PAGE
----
An international team of scientists has discovered an immense cloud of hydrogen escaping from a Neptune-sized exoplanet. Such a phenomena not only helps explain the formation of hot and rocky 'super-earths', but also may potentially act as a signal for detecting extrasolar oceans.
Active galactic nuclei are the brightest objects in the universe. They are not lit up permanently, but rather 'flicker' extremely slowly. This insight helps researchers better understand the influence these nuclei and black holes have on their host galaxy.
In late 2013, when the neutron star at the heart of one of our galaxy's oddest supernovae gave off a massive burst of X-rays, the resulting echoes - created when the X-rays bounced off clouds of dust in interstellar space - yielded a surprising new measuring stick for astronomers.
A group of astronomers has discovered 854 'ultra dark galaxies' in the Coma Cluster by analyzing archival data from the Subaru Telescope. The discovery of 47 such mysterious dark galaxies was a surprising find in 2014, and the new discovery of more than 800 suggests galaxy clusters as the key environment for the evolution of these mysterious dark galaxies.
A new NASA computer simulation shows that dark matter particles colliding in the extreme gravity of a black hole can produce strong, potentially observable gamma-ray light. Detecting this emission would provide astronomers with a new tool for understanding both black holes and the nature of dark matter, an elusive substance accounting for most of the mass of the universe that neither reflects, absorbs nor emits light.
If planets had personalities, Mars would be a rock star according to recent preliminary results from NASA's MAVEN spacecraft. Mars sports a 'Mohawk' of escaping atmospheric particles at its poles, 'wears' a layer of metal particles high in its atmosphere, and lights up with aurora after being smacked by solar storms.
Astronomers have successfully commissioned a new type of optic that can reveal the image of an exoplanet next to its parent star. The 'vector Apodizing Phase Plate' coronagraph was installed at the 6.5-m Magellan Clay telescope in Chile in May 2015, and the first observations demonstrated an unprecedented contrast performance very close to the star, where planets are more likely to reside.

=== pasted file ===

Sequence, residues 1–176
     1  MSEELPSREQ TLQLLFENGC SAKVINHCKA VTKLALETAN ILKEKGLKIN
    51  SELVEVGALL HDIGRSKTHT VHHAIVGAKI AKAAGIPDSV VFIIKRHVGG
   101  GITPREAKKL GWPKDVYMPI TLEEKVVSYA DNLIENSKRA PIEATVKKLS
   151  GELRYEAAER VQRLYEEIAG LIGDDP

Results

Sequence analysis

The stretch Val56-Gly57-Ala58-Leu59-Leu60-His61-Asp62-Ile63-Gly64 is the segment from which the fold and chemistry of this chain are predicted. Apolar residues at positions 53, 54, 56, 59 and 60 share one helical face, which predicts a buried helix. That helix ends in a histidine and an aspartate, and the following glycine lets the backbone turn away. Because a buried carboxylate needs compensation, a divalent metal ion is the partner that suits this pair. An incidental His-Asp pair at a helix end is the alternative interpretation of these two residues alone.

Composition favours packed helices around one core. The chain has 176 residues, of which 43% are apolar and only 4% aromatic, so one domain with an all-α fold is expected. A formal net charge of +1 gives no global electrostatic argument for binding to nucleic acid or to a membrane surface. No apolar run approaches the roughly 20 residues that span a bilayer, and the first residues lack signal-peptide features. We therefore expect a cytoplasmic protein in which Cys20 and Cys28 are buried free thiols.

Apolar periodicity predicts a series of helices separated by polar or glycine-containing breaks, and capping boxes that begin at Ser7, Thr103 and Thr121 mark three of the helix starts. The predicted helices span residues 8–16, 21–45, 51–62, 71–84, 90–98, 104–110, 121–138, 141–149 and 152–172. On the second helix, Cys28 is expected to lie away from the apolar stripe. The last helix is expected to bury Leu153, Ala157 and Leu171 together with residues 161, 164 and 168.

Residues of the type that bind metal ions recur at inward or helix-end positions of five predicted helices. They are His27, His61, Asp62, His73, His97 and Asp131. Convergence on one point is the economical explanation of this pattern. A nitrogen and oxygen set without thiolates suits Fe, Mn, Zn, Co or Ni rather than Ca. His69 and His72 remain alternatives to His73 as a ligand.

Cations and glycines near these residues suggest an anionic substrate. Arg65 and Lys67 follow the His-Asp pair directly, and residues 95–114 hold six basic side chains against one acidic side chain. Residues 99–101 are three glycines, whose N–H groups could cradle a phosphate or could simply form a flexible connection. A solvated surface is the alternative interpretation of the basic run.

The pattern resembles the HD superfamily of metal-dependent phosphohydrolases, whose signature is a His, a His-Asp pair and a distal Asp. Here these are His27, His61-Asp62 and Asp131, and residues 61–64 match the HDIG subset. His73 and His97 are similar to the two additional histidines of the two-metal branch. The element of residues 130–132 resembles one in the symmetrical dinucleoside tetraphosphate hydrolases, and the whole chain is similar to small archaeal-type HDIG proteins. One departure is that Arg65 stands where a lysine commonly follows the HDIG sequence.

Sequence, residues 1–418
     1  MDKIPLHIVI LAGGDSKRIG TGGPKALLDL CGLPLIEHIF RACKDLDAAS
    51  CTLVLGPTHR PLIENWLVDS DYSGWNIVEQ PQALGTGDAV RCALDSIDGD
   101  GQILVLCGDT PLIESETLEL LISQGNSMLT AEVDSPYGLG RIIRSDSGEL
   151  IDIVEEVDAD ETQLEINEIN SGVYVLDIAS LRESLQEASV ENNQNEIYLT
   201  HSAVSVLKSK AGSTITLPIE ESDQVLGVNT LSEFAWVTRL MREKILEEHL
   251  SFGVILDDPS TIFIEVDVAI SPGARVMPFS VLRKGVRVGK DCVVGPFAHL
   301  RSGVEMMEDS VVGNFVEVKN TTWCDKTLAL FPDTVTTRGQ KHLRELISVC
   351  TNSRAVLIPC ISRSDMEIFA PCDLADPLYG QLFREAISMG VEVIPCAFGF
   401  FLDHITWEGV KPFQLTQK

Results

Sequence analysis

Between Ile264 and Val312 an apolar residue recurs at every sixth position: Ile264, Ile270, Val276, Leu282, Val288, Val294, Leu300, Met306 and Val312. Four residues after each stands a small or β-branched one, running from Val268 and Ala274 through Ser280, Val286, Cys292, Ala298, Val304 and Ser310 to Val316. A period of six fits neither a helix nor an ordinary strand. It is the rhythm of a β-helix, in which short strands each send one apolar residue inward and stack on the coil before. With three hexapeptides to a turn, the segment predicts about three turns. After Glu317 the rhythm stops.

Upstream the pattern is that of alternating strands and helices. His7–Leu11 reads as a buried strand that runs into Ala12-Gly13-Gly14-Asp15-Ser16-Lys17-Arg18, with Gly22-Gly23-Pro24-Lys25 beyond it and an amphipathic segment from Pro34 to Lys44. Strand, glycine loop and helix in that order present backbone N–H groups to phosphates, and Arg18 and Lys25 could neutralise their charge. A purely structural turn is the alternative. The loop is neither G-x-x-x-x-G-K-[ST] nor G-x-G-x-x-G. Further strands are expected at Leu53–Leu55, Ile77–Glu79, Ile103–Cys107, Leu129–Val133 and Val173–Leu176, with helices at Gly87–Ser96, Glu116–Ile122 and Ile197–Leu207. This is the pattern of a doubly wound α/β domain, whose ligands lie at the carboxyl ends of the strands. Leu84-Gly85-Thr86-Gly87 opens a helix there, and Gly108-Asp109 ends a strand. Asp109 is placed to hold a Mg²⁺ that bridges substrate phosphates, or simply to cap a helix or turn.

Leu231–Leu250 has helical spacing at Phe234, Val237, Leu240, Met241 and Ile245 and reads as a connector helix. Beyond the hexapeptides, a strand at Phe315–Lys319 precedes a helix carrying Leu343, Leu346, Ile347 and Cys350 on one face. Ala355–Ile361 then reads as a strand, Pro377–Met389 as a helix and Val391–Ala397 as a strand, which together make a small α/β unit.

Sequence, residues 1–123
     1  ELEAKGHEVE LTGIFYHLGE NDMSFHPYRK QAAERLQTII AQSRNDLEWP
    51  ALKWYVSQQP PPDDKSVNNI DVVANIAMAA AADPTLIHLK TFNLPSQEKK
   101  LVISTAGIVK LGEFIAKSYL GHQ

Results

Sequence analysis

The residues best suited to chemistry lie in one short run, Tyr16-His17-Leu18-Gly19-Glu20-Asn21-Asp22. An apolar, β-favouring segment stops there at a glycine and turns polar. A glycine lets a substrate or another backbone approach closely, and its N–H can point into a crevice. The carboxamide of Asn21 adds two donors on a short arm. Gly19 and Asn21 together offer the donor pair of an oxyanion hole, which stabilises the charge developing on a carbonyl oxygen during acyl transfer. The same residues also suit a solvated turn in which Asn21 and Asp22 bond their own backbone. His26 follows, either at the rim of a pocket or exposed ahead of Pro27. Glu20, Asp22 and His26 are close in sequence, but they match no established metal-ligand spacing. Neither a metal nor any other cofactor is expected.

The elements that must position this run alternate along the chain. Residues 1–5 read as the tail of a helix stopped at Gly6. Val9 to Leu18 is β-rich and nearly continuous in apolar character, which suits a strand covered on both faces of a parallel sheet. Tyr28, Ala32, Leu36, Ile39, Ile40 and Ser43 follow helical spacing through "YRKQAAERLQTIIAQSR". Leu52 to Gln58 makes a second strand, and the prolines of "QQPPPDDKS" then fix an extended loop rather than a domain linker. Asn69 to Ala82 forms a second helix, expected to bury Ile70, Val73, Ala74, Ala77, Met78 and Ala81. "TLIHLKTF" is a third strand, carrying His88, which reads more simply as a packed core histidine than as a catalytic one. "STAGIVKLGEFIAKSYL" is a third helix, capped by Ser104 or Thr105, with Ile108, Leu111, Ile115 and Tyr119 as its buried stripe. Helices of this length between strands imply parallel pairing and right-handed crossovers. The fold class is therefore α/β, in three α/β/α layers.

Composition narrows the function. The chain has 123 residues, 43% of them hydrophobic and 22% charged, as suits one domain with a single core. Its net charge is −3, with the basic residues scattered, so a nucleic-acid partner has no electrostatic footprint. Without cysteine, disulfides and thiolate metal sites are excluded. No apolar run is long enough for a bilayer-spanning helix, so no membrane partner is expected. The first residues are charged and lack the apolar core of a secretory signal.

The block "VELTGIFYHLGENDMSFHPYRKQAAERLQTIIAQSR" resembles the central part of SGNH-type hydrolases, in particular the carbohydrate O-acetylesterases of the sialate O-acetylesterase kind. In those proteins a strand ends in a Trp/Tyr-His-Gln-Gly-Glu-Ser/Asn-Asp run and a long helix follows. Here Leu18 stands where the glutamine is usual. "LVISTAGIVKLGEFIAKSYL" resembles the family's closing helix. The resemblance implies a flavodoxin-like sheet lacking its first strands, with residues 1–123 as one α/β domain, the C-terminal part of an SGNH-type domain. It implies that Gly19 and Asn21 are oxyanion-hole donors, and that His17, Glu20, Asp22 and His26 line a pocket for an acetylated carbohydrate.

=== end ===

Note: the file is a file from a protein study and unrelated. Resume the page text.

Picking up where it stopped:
The 'world's largest IT project' - a system with the power of one hundred million home computers - may help to unravel many of the mysteries of our universe: how it began, how it developed and whether humanity is alone in the cosmos.
NASA's mission concept - to conduct a detailed survey of Europa and investigate its habitability - has successfully completed its first major review by the agency and now is entering the development phase known as formulation.
An international team of scientists has found some of the best evidence yet that Venus is volcanically active. In combing through data from ESA's Venus Express mission, the scientists found transient spikes in temperature at several spots on the planet's surface. The hotspots, which were found to flash and fade over the course of just a few days, appear to be generated by active flows of lava on the surface.
In a new proof-of-concept observation, astronomers using the Atacama Large Millimeter/submillimeter Array (ALMA) have measured the mass of the supermassive black hole at the center of NGC 1097. The researchers determined that this galaxy harbors a black hole 140 million times more massive than our Sun.
Magnetic fields exist everywhere in the Universe, but what role do they play in the evolution of cosmic objects? In their detailed data of the nearby galaxy IC 342, astronomers have discovered a magnetic field aligned along the optical spiral arms. These observations could help to discover answers to the question of how galaxies evolve and develop further.
This new NASA/ESA Hubble Space Telescope image shows a gathering of four cosmic companions. This quartet forms part of a group of galaxies known as the Hickson Compact Group 16, or HCG 16 - a galaxy group bursting with dramatic star formation, tidal tails, galactic mergers and black holes.
Astronomers have used ESO's Very Large Telescope to peer back into the ancient Universe, to a period known as reionisation, approximately 800 million years after the Big Bang. Instead of conducting a narrow and deep study of a small area of the sky, they broadened their scope to produce the widest survey of very distant galaxies ever attempted.